In humans and animals, lysozyme serves as a barrier on the skin, in the eyes, in the intestine and the airways against pathogenic bacteria entering and proliferating, as well as against some viruses and fungi. This applies to gram-positive bacteria. Lysozyme also has an effect against gram-negative bacteria; however, these bacteria have an additional outer membrane composed of lipopolysaccharides. This membrane can be penetrated by lactoferrin and/or defensins, which creates a synergism between lactoferrin and lysozyme. The synergistic effect of these two substances was first demonstrated in 1991.
The effect lysozyme has on various strains of probiotic Bifidobacterium has also been investigated. These probiotic bacteria reacted to lysozyme less intensively if these were from humans compared to strains isolated from animals despite the fact that both were the same type of bacteria. This means that probiotic bacteria have arranged themselves with lysozyme and together they can even attack pathogenic bacterial strains.
In addition, lysozyme acts against some fungal infections such as infections caused by Aspergillus types, Candida types such as Candida albicans and Candida parapsilosis. In addition, lysozyme acts against viruses. It was found that persons treated with lysozyme before blood transfusions were less likely to suffer from hepatitis.
In addition to their individual antimicrobial mechanisms, lactoferrin and lysozyme show synergistic antibacterial characteristics against a series of gram-negative bacteria, which is likely caused by lactoferrin's effect of making the outer membrane more permeable and therefore, allowing lysozyme to enter the bacterium. Lactoferrin and lysozyme are the most important ingredients in breast milk. They have been getting more and more attention because of their gentle but high-performance mode of action in preventing infections. These substances in breast milk protect the newborn against diarrhoea, infections of the respiratory tract, meningitis and other infectious diseases.
The lysozyme in SanFerin® is derived from chicken eggs.
In SanFerin®, lysozyme combined with lactoferrin acts effectively against bacteria, viruses, fungi or parasites entering or multiplying and it promotes the reduction of biofilms and therefore, it increases the effectiveness of antimicrobial substances.
Green tea extract (EGCG)
Green tea (Camellia sinensis) is worldwide a popular beverage. It has been linked to health benefits for a long time. Compared with other teas, the composition of green tea extract has been reasonably researched and therefore, it is better known.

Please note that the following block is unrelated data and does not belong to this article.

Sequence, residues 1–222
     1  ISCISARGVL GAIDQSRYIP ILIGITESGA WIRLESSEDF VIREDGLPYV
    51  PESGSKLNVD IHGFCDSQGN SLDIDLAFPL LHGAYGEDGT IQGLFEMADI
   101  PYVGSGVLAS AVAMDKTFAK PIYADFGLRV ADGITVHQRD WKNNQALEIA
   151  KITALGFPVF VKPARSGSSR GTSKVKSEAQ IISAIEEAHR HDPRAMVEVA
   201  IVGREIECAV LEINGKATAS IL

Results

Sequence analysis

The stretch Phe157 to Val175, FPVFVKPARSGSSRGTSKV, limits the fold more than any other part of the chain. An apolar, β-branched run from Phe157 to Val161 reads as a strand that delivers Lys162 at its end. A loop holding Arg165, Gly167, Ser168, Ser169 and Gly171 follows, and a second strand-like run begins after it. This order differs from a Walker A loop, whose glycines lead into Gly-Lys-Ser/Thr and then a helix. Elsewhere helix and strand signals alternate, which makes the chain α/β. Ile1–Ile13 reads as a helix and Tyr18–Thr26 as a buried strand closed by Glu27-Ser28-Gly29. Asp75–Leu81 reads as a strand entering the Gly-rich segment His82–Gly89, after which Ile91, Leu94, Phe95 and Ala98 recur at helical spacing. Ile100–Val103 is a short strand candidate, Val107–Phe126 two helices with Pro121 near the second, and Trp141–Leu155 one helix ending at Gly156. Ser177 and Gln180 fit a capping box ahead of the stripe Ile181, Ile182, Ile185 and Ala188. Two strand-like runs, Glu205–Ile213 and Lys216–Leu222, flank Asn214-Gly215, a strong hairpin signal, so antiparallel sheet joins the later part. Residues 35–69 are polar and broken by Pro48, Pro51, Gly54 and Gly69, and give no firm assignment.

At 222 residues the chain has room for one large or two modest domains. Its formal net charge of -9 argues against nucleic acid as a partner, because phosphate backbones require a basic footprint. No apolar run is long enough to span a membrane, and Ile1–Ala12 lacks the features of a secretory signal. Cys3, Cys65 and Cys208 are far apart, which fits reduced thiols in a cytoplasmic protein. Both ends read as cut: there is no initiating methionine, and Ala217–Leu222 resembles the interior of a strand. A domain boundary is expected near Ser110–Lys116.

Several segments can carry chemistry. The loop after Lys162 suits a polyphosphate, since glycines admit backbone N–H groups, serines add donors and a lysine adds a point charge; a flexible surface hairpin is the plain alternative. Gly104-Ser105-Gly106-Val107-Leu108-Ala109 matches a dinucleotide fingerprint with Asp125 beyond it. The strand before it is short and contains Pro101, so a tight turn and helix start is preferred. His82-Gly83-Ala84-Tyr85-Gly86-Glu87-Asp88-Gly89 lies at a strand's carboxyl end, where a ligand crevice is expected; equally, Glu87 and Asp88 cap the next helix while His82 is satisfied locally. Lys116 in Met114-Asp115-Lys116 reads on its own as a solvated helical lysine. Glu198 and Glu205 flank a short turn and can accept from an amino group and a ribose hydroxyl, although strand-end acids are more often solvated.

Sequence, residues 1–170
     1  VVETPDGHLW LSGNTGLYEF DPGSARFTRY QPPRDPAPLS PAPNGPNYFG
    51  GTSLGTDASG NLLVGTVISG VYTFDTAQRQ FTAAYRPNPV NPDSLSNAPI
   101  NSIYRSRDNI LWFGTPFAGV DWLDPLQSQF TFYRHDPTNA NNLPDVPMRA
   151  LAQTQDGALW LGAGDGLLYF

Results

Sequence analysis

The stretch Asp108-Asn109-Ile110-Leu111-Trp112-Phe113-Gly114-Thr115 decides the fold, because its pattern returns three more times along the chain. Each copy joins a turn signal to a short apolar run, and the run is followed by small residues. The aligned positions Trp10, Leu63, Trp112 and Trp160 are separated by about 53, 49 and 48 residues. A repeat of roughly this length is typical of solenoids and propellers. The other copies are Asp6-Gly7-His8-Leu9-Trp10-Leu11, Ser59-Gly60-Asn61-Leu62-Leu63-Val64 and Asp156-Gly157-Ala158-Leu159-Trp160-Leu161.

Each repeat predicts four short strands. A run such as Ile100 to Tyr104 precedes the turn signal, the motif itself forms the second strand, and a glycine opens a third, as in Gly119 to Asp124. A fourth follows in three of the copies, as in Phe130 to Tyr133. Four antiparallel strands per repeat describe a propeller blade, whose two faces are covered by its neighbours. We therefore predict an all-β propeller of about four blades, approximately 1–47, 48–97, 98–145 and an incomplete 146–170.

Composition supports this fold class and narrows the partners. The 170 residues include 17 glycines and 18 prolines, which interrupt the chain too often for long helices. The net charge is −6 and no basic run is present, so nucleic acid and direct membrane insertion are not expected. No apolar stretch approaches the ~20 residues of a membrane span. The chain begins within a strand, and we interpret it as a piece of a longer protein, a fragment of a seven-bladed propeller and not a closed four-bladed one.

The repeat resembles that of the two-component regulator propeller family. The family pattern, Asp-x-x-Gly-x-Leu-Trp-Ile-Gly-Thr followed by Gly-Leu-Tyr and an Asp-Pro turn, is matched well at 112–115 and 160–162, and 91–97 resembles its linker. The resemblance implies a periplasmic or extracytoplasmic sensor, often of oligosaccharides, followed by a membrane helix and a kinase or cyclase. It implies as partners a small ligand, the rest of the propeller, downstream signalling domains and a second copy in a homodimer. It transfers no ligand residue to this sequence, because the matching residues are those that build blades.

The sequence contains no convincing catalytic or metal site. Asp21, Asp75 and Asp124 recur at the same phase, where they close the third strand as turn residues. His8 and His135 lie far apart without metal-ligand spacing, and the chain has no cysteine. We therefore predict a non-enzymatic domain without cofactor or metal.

There are numerous published studies on the chemo-preventive effect green tea has on cancer. This effect of green tea is based on its polyphenols known as catechins.
The most important catechin in green tea is EGCG (epigallocatechin-3-gallate), which makes up 50% to 80% of the green tea extract or 200 to 300 mg per cup of tea. EGCG even has other health benefits. It has an anti-oxidative effect. It is often discussed as substance protection from Alzheimer's disease and it is said to protect against arteriosclerosis, stroke and obesity. As a known antioxidant, EGCG counteracts inflammatory processes. Green tea polyphenols also inhibit cell proliferation. Experimental studies suggest this polyphenol inhibits tumour growth by inhibiting the angiogenesis and metastasis.
Bacterial/viral infections always induce inflammatory processes as reaction of the immune system. Therefore, EGCG combined with antimicrobial substances can play an important role as an inflammation suppressing agent with regard to symptoms of the disease.
D-mannose is found in the human metabolism. It plays an important role particularly in the glycosylation of certain proteins. The antibacterial mode of action is based on the inhibition of the bacterial adhesion to uroepithelial cells, particularly the adhesion of E. coli, a primary pathogen in urinary tract infections. In vitro experiments have shown that
D-mannose binds to the fimbriae of uropathogenic microbes thereby blocking FimH adhesin, which is positioned on the tip of the type 1 fimbriae of enteral bacteria. During a bacterial colonization, FimH binds to the carbohydrate (mannose) of the glycoprotein receptors of the uroepithelium. D-mannose acts as competitive inhibitor of the bacterial adherence. If sufficiently concentrated in urine, D-mannose saturates the FimH adhesin and prevents bacteria from binding to urothelial receptors. If bacteria are unable to dock onto urothelial structures, they are washed out with the urine and they cannot develop their pathogenic potency. Consequentially, the bacteriuria is reduced.
Mannose in SanFerin® prevents the adhesion of uropathogenic microbes /such as E. coli). Therefore, it can be used as prophylactic or treatment of existing urinary tract infections.
The mannose in SanFerin® is derived from birch trees and beech wood.